"The first Commando Club attempt ... used the entire strike force to execute level bombing against Phuc Yen airfield. This mission was significant in that it resulted in the revision of Commando Club tactics due to the degradation of ECM pod effectiveness when the entire force closed up from the normal pod formation to decrease bomb dispersal; and resulted in the shooting down of four aircraft (two by SAM and two by MiGs) including the wing commander. After this experience, Commando Club missions were executed in single flights in high threat areas and the standard pod formation was adhered to."


As I indicated earlier, Major Spence Armstrong, USAF, was a major flying on this mission. He reported on the mission in his flight log. He noted it was a "Skyspot" mission. He said the two aircraft hit by MiGs were a few minutes ahead of him. He also said the weather was forecast to be bad, so that's why they used the Commando Club to bomb through the weather. He commented the result was the rest of the aircraft had no ECM protection against the SA-2 SAMs.

Armstrong also complained about the ordnance 7th AF ordered them to carry, confirming "7th Air Force in Saigon really didn't have any clue what we were facing since none of them had ever experienced the defenses in (Route) Pack 6A and kept ordering bomb loads that they ordered for clear weather targets." Furthermore, he wrote that 10-12 SAMs came up through the clouds and exploded in rapid succession among three flights at their altitude. He said:

"We were getting MiG calls from 'Castaway' (I believe an EC-121) during the 3-minute bomb run. Then about 15-30 seconds from bomb release, the radar vector said he had lost contact and was aborting the run. People started going everywhere to get out of there and avoid the SAMs, which were still bursting. I called my flight (of four) to punch off our stores and turn, which we did. Shortly thereafter, 'Garage 3' (Colonel Burdett) burst into flame and spun down into the undercast. No chute or beeper was heard. The two of us rejoined our flight over 97 (Channel 97 - LS-85) and made one pass to see if we could help Bill Reed (Waco 4), but the rescue aircraft were already headed towards him. So we refueled and headed home much worse for wear and frustration."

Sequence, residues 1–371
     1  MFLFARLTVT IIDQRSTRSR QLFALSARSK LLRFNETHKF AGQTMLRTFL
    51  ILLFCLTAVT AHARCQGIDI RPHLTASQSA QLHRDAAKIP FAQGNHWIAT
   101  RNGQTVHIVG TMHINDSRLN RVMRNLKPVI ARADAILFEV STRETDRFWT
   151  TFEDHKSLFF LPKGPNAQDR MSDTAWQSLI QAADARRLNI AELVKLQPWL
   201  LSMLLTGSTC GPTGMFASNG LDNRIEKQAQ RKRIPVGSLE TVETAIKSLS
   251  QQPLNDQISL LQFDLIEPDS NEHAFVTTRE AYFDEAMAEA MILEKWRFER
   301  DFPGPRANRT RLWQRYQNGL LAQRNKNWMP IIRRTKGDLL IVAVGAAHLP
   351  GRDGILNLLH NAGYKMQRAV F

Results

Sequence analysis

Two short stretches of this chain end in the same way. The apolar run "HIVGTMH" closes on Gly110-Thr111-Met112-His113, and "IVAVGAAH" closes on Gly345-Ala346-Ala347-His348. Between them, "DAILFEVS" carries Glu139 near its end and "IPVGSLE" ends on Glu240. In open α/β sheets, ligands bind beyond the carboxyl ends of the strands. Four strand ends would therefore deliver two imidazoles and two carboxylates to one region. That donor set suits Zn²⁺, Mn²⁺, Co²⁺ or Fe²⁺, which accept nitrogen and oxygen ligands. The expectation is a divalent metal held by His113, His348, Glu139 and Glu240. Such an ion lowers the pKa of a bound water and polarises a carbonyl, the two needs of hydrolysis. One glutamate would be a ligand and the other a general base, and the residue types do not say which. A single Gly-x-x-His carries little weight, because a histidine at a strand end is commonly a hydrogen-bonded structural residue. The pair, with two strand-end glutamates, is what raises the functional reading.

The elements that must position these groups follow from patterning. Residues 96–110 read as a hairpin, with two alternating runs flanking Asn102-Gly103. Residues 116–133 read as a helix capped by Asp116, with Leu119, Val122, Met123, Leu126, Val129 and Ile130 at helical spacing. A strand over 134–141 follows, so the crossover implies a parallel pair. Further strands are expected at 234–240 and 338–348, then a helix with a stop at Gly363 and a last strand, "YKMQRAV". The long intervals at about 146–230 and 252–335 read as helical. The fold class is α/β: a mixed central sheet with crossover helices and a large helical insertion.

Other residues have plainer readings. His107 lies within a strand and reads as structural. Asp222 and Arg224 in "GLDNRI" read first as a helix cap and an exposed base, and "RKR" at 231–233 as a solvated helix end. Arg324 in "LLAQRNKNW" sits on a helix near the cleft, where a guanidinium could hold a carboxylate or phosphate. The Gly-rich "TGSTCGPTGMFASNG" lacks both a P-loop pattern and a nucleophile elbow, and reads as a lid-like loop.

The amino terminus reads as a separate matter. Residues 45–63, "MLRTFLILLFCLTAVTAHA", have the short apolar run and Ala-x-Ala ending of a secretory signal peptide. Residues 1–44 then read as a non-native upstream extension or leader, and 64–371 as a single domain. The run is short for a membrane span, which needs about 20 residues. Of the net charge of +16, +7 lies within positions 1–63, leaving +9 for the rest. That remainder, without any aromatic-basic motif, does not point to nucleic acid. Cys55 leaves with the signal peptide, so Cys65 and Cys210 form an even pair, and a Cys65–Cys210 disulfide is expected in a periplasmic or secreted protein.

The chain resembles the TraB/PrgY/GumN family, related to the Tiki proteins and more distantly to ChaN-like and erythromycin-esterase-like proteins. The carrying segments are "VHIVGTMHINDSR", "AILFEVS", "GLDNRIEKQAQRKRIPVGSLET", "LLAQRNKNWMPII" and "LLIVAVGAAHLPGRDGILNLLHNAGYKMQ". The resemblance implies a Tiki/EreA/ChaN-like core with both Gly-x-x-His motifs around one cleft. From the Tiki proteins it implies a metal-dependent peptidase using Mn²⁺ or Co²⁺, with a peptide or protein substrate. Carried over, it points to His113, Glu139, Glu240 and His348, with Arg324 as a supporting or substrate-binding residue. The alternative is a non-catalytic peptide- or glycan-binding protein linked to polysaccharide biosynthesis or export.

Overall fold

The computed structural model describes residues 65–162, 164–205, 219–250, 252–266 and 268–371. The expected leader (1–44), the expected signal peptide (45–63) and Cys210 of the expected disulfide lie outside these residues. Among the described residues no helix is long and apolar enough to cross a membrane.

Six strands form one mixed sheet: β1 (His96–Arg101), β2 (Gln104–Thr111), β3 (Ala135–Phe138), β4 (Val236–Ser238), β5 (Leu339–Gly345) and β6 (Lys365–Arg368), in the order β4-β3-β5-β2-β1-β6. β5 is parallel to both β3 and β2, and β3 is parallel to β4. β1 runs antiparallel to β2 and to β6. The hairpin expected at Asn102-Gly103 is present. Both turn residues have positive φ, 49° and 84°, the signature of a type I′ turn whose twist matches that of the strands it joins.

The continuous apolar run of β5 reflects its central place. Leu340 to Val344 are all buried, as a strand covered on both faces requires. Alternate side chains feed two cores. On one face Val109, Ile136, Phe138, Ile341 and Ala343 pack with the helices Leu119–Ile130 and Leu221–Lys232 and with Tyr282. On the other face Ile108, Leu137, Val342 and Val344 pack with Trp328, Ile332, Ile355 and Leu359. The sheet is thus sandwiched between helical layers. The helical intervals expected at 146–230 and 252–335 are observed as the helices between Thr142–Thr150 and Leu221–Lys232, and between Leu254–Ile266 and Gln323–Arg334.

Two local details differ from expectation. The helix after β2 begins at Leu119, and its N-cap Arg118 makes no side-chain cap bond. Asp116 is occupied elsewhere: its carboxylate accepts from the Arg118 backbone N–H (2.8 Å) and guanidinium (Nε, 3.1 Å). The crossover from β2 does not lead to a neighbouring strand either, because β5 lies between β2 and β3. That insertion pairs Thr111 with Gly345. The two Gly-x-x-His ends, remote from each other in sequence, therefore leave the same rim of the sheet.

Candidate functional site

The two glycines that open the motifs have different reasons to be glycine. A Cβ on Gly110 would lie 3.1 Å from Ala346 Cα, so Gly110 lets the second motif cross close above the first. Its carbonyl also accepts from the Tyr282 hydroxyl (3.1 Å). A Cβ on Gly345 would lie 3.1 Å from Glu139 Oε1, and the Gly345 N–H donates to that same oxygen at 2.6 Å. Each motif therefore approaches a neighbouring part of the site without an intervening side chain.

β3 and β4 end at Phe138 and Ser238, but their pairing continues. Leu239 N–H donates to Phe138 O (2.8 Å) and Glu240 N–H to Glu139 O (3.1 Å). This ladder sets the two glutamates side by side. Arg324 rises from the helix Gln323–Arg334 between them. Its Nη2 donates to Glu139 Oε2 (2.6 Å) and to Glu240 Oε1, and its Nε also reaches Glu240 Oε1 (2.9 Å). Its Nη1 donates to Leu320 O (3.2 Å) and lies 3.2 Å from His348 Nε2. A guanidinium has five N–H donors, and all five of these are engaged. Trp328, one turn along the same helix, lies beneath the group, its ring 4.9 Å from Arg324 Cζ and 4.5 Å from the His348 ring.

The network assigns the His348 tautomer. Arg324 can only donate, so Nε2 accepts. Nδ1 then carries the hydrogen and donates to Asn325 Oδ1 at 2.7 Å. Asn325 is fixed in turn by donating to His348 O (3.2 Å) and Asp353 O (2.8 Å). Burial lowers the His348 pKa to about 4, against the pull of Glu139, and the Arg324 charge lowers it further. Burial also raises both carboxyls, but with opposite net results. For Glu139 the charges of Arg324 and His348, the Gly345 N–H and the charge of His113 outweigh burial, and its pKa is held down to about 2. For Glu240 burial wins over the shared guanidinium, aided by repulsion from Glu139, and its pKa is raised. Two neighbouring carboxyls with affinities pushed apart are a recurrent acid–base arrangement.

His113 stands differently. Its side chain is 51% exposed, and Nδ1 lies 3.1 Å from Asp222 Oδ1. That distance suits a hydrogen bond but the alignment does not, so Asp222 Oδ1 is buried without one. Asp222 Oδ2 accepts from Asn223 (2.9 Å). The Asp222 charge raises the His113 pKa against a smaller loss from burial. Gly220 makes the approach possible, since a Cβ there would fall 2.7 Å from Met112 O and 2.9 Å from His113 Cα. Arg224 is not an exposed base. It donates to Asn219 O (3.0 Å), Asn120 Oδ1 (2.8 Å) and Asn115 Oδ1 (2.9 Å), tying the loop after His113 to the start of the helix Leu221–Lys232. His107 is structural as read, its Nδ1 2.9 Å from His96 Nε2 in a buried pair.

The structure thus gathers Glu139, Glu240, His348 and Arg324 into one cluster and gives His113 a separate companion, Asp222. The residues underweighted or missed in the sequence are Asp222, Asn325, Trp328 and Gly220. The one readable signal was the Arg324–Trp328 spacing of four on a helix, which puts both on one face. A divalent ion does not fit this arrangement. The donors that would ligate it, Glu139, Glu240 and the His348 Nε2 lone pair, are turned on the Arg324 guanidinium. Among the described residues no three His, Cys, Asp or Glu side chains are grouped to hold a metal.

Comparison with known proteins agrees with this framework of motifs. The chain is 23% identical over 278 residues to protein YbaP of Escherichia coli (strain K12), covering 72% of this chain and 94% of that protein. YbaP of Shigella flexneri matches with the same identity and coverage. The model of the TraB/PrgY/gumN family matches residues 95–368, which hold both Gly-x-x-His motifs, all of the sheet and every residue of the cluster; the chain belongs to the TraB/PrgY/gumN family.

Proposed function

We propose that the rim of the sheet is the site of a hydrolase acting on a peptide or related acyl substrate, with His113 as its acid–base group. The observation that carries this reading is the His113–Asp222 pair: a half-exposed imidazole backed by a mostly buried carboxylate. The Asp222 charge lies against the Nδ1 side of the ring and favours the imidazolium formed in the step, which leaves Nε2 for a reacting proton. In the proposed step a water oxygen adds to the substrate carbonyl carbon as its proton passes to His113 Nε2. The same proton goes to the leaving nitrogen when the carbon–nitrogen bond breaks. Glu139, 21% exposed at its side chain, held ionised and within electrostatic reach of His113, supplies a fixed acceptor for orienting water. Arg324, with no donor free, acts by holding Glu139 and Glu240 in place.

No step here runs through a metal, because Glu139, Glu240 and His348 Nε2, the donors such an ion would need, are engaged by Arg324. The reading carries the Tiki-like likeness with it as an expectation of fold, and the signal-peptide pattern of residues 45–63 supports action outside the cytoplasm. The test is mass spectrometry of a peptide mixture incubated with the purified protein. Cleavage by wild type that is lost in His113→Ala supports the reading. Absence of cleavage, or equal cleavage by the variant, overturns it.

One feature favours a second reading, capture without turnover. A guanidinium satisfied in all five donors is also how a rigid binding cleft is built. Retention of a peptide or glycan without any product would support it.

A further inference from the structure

Now Lieutenant General Spence Armstrong, USAF (Ret.) wrote about the mission again in an unpublished memoir. He said, "Despite these losses we were pressing on when we received a call from Skyspot controller that he had lost radar contact and that we needed to go out and start all over again. SA-2s were still exploding and we were receiving MiG calls from the radar aircraft over the Gulf."

I highlight this because it appears that the "radar vector" losing contact he mentioned in his flight log was actually the TSQ-81 at LS-85. So LS-85's TSQ-81 lost radar contact. Also note General Armstrong said LS-85 said the F-105s needed to go out and start all over again. In his mission log, he said the radar vector, LS-85 TSQ-81, told them to abort.

Whatever the case, the mission was finished and the remaining F-105s departed the area to return to Korat. General Spence said, "I called my flight to punch off the CBU’s and break right towards the area where the MiGs were reported. The four of us got back together and headed back for our post flight refueling and a safe landing at Korat. We had lost four aircraft and Jim King was hit badly enough for him to make an emergency landing at Udorn Air base on the Northern border of Thailand."

Let's jump back again to the PACAF briefing to Admiral Sharp in September 1967 on the benefits of this system in Laos where PACAF said, "The present ECM (electronic countermeasures) and strike tactics will permit a sizable strike force to fly formation in high threat areas during daylight hours. Maximum ECM support will be employed in conjunction with the MSQ missions."

That would appear to have been an incorrect forecast. It is my understanding adjustments were made to the TSQ-81 on the ECM side of the house.